By Paige Cushman

Born in 1994, new Opry member and country superstar Lauren Alaina is proud to be a ‘90s baby. In 2018, she released her popular single “Ladies in the ‘90s,” and several ‘90s country icons – Trisha Yearwood, Garth Brooks, Dolly Parton – were part of her Grand Ole Opry induction this year. So, it’s safe to say ‘90s country has helped shape the country singer’s upbringing and musical journey. Now, she’s reflecting on that influence and how it brought her here, to the most illustrious family in country music.


Q: When you think of ‘90s country, what do you think of?


Women. When I think of ‘90s country, I think of women empowering women. Shania, The Chicks, Trisha Yearwood, Martina – all of the women who can be called by one name. That’s what I think of, all of the women on a first-name basis.


Q: How did ‘90s music shape your music now and the songs that you write?


I draw inspiration from so many different genres, not just country. I listen to Whitney and Destiny’s Child and all of that kind of music as well. I mean, I grew up in the ‘90s. I grew up listening to that stuff when I learned about what music was; that’s what I was soaking up.


Q: Who are your favorite ‘90s Country idols?


My top three would be Dolly, I am a big Trisha Yearwood fan, and probably Martina McBride.


Q: Trisha Yearwood calls you “Junior,” how did you develop such a close relationship with one of your favorite artists?


Food, honest to God. I was performing at an awards show in Nashville to do a tribute to Tanya Tucker with [Trisha]. A bunch of us girls were doing it and they put us all in the same dressing room.


Trisha and I just hit it off and I said, “I cannot wait until this deal is over so I can go eat a cheeseburger.” It’s pretty much a ritual, I eat basically lettuce for the three weeks before those award shows, and then I go straight to the closest fast-food restaurant every single time. She got tickled by that because she said she does the same thing.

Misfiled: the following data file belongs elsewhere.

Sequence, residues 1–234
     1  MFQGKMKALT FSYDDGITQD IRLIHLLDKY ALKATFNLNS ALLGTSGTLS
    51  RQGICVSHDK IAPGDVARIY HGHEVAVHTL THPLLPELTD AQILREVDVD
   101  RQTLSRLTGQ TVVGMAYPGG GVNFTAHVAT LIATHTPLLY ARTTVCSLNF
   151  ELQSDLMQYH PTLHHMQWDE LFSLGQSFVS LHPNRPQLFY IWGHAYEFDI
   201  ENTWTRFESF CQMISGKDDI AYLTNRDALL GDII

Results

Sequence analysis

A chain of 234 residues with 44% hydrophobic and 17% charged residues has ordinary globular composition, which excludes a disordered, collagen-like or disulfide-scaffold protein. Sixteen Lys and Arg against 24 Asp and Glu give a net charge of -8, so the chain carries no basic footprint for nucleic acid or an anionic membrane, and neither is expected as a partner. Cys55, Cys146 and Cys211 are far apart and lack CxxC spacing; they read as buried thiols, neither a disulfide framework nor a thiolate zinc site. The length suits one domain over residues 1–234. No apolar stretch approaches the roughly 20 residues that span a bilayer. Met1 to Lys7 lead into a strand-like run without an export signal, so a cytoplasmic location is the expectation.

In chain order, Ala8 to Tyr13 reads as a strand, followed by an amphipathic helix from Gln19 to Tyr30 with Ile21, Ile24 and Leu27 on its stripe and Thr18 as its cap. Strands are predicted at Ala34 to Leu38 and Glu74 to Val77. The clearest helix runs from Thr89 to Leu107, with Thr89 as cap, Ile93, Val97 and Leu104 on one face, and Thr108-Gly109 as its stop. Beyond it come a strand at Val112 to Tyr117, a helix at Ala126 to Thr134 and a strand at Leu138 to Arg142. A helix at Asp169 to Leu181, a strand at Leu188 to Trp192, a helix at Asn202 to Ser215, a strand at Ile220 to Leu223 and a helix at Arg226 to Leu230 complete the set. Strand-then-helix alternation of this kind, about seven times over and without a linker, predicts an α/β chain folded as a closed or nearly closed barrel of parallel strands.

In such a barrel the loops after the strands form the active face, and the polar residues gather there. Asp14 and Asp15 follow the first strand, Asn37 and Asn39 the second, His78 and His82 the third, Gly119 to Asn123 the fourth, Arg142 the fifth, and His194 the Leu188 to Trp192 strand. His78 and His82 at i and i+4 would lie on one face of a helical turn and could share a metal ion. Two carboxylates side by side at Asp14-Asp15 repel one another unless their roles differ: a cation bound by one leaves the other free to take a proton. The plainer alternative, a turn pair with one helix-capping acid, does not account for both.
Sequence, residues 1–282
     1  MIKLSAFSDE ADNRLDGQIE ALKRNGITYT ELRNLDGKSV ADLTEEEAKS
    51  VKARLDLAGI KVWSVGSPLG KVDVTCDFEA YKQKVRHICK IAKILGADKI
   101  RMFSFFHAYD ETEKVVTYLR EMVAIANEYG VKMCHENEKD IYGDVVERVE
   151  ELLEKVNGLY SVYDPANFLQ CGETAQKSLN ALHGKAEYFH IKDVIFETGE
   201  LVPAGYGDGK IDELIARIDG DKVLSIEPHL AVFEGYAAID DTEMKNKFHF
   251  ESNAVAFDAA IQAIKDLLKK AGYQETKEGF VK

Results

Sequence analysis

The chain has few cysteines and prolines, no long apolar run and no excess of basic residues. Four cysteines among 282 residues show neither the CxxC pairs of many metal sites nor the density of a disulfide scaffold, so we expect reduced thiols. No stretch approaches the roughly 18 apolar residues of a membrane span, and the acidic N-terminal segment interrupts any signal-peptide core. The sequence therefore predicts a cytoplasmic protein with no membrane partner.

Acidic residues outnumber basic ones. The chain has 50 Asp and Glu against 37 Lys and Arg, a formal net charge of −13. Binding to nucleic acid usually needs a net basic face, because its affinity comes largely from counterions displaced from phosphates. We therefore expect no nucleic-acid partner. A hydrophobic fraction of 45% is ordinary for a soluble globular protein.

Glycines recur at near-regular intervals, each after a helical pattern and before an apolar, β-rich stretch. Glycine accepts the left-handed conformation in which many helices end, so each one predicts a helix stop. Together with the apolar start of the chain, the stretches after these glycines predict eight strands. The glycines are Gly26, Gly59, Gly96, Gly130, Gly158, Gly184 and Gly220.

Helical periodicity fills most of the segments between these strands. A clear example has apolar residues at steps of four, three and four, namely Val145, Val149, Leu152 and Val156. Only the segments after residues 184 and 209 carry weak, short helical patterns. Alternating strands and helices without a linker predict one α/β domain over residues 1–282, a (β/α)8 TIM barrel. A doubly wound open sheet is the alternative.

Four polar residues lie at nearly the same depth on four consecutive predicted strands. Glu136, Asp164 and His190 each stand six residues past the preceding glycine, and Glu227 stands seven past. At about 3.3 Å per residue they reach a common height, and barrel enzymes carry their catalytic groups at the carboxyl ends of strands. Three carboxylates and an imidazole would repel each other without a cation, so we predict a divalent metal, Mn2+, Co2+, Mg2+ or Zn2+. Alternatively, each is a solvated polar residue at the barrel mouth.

So, we spent literally 35 minutes talking about all of our favorites, and what we ate there, and I thought “this is the best day of my life.” At some point in the conversation, I thought, “this is Trisha Yearwood, and she has no idea that she’s Trisha Yearwood.” It was very funny.


A few months later, she asked me to come on her cooking show, Trisha’s Southern Kitchen, and we actually worked a drive-through window – Hugh Babies over on Charlotte Avenue – together. We had so much fun doing it and that started our whole relationship. Then we did a song together, “Getting Good,” and I’ve done a lot of stuff with her now. She wrote the forward in my book, she asked me to be on the Opry and she inducted me. She calls me “Junior” because we have so many weird things in common.


Q: What does that relationship mean to you?


She’s just the best. It’s kind of mind-blowing to me, I try to keep it cool, but I mean I think about if there’s a little girl out there right now that listens to my music and is obsessed with me, like literally obsessed, standing in front of the mirror with her hairbrush singing my songs, that would be like 20 years from now, me being friends with her, which is just crazy.


I gotta find me a little Lauren out there, a little “Junior.”


Q: Where do you guys get your fast food?


You know what we have in common that I feel like people really hate on? Arby’s. We be loving the beef and cheddar.


I am so sick of the memes. When I see those memes that say: “Who is keeping Arby’s in business?” It’s me. Me and Trisha Yearwood. We like it so much that we recreated the beef and cheddar on her show.


Q: Why do you think ‘90s country is making a comeback right now?


It’s making a comeback? When did ‘90s die down? I’ve been stuck back there as long as I can remember. I think those Gen Zs are learning what’s up, that’s what I think.


Sonically, I think the reason ‘90s country is doing so well right now is because, as a genre, we’ve circled back to that production sound. Like the “Fancy Like” production is literally a ‘90s song. And it’s one of the biggest songs right now.


I think you could put a ‘90s country song in a current country playlist and not know it was from the ‘90s and it would flow straight through production-wise.


Q: You’ve said that since you were a little girl you’ve dreamt of being an Opry member, what does it mean to you that you’re here now?


I’ve got to say I was pretty proud walking in here knowing I’ve got that little mailbox with my name on the wall. Like I’ve made it, I’ve arrived. But it means a lot, in all seriousness, it’s unbelievable still.


Q: You were inducted into the Grand Ole Opry family pretty recently, what did that day feel like?


I feel really welcomed. I have felt an overwhelming amount of love since that happened and just from the people hanging on the walls, you know, reaching out and sending me flowers and welcoming me in. It’s just the coolest thing that’s ever happened to me.


All the coolest people from the ‘90s showed up for my induction night, and that’s the truth, Dolly, Garth, and Trisha? Good luck to the next person, they’ll have to raise someone from the dead.


This interview has been edited for length and clarity.